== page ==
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Principal Valuation Surveyor
Ipswich
Borough Council

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Welcome

Welcome

I’m delighted that you’re interested in our Property Directorate vacancy. This is an exciting and challenging role in a supportive and collegiate environment. We have plenty of ambition for our commercial and residential property activities and are looking for people that share our passion, commitment and ambition.

This varied and exciting role will focus on Ipswich Borough Council’s diverse and varied property portfolio. The post holder, working with the Operations Manager for Property Services will lead on all aspects of valuation across the Borough’s estate. This will also include implementing and providing advice on lettings, lease renewals, rent reviews and professional advice to the Council. The successful candidate will also need to provide valuation advice on Housing matters such as Residential Buy Backs.

It is an exciting time to be joining Ipswich Borough Council. The Borough has a diverse portfolio which includes the usual property types such as Offices, Industrial and Retail assets, but also some unique assets such as Churches, Marinas, Farm land and a Football Ground. The Borough with its partners has recently secured £25 million of grant funding by way of the Towns Fund and the are some exciting projects to become involved with.

Being a team player is central to our plans to progress and develop the Borough’s Property Portfolio. You’ll be an ambitious property professional with an eye for detail, flexible and with good people skills. This role will enable the selected candidate to make a real difference to the Borough of Ipswich and shine in a small, ambitious, high performing team.

Our culture is one of innovation, problem solving and team work. We’re growing and delivering success, and I am proud of what we’ve achieved so far. If you think this role might be right for you, do talk to John Martin at Hays Property & Surveying to find out more.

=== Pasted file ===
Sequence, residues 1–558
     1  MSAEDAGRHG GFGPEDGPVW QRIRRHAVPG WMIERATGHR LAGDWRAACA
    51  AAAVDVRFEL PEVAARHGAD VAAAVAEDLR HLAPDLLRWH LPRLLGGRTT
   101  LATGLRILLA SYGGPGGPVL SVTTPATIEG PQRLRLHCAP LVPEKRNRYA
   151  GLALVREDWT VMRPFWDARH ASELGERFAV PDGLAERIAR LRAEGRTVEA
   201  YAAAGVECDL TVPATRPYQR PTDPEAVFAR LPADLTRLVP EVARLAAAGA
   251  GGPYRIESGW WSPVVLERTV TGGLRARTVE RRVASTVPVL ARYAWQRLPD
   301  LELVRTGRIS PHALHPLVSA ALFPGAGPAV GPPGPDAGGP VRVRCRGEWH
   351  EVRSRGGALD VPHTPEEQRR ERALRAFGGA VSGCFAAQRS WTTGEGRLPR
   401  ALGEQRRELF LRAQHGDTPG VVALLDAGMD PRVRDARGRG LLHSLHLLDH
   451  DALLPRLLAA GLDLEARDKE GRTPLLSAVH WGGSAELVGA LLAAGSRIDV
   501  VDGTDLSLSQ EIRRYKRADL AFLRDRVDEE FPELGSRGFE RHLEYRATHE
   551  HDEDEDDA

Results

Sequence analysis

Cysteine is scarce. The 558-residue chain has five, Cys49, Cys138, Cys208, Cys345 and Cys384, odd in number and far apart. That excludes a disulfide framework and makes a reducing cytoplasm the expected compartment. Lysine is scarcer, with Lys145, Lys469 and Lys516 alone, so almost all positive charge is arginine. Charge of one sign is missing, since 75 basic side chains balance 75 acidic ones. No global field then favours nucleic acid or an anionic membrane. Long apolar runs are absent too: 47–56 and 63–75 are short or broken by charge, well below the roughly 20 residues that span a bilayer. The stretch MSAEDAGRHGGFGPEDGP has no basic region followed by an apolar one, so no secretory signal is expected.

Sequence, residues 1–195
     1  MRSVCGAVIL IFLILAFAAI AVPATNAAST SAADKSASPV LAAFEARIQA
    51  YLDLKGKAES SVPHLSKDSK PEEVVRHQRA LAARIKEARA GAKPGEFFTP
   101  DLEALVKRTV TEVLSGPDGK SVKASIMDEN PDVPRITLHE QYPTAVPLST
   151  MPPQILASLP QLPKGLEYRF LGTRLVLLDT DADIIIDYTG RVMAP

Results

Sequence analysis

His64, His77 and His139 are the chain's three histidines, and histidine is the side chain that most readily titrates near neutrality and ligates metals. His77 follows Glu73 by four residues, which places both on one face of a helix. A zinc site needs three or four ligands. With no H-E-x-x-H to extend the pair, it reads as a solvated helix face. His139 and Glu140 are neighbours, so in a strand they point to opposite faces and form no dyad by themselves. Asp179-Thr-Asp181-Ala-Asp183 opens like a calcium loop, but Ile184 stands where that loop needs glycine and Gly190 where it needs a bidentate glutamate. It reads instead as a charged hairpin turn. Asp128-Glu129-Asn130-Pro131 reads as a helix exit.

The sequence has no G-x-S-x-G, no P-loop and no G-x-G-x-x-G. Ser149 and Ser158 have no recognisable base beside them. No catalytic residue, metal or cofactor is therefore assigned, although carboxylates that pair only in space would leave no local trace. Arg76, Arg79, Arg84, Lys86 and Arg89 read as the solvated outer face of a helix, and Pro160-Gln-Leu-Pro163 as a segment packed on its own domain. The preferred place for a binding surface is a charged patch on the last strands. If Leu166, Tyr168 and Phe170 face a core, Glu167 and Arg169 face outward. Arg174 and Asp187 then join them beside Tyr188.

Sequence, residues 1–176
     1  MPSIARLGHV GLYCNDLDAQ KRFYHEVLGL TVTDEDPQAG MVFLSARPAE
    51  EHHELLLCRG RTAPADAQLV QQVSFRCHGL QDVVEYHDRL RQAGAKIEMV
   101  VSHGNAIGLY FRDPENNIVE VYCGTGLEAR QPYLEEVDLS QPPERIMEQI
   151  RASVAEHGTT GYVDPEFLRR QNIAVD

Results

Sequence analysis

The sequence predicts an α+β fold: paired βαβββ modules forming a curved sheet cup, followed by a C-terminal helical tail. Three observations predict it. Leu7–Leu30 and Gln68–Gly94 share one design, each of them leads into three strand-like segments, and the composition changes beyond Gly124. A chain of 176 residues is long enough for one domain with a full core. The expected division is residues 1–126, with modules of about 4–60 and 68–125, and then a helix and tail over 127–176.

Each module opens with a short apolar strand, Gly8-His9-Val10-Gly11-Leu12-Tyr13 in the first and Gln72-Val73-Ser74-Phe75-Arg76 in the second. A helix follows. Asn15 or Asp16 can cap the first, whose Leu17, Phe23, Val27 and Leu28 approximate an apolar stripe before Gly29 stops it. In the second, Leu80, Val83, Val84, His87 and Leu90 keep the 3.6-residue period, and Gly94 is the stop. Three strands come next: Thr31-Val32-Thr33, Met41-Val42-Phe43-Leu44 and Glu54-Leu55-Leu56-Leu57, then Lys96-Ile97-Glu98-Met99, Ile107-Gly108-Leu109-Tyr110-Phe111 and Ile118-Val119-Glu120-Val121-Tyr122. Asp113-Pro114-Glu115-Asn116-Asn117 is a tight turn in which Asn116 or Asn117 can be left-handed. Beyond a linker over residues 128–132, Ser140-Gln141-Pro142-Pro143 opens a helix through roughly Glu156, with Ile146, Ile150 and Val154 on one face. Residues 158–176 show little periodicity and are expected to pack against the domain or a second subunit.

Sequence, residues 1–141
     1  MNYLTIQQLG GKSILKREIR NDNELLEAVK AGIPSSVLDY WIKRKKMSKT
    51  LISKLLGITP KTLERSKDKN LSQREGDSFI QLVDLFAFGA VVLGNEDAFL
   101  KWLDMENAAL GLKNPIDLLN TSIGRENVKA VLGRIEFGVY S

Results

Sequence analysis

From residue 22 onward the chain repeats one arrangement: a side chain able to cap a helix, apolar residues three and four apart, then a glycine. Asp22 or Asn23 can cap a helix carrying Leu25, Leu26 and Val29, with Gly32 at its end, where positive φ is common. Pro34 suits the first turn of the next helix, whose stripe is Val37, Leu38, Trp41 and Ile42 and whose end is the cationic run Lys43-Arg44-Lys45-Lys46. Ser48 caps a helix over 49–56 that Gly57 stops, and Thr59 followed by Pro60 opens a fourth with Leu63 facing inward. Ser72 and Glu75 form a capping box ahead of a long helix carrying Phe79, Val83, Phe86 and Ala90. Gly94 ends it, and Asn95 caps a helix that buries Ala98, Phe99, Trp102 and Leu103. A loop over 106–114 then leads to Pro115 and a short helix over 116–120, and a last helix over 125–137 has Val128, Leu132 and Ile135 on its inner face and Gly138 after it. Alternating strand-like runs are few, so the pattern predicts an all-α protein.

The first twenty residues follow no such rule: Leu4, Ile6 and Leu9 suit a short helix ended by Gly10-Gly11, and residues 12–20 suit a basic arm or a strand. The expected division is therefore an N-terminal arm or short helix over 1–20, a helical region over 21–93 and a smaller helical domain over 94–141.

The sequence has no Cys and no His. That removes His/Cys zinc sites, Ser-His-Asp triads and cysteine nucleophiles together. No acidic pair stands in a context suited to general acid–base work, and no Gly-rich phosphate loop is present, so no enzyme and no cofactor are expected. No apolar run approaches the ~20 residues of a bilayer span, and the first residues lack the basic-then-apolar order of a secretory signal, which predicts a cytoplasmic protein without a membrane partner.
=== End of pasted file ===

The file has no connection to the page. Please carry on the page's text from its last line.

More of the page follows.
Good luck in your application

Stuart McDonald

Stuart McDonald

Head of Property / Operations Manager Property Services

Asset Management Strategy

Introduction

To Ipswich Borough Council’s asset management strategy

Ipswich Borough Council owns a large and varied Property Portfolio, which has an important role to play in the Council’s strategic ambitions.

The current portfolio comprises a wide range of property types including commercial, office, parks, light industrial, retail properties, agricultural, woodland, churches, community land, riverside, riverbed, footpaths and pieces of ancillary land. These include both freehold and leasehold tenures.

Property assets are managed both individually and as an entire portfolio. The purpose being to explore opportunities for regeneration and public benefit as well as maximising income and to generate capital values. At all times, Asset Management is in accordance with the requirement to achieve best consideration.

The portfolio needs to be fully interrogated with an ongoing review of assets to ensure the portfolio is managed efficiently and effectively.

Town hall
sproughton

An effective Asset Management Strategy will aid the Council’s Corporate objectives to maximise income, reduce costs, generate capital receipts by optimising opportunities and accurately plan future income and expenditure streams.

The Estate also plays a valuable role in enabling the Council to meet its Corporate objectives to support the voluntary sector. There are many examples of this within the portfolio which provide social benefit to residents.

A key aspect is to ensure that assets remain ‘fit for purpose’ and are kept in suitable standards of repair. The Council owns several heritage assets and iconic buildings, examples of which can be found in this report. Keeping these in repair will benefit current and future generations. Keeping units in repair will include ensuring tenants are complying with the conditions within their tenancy agreements, as well as proactive planned maintenance over the next 5 years.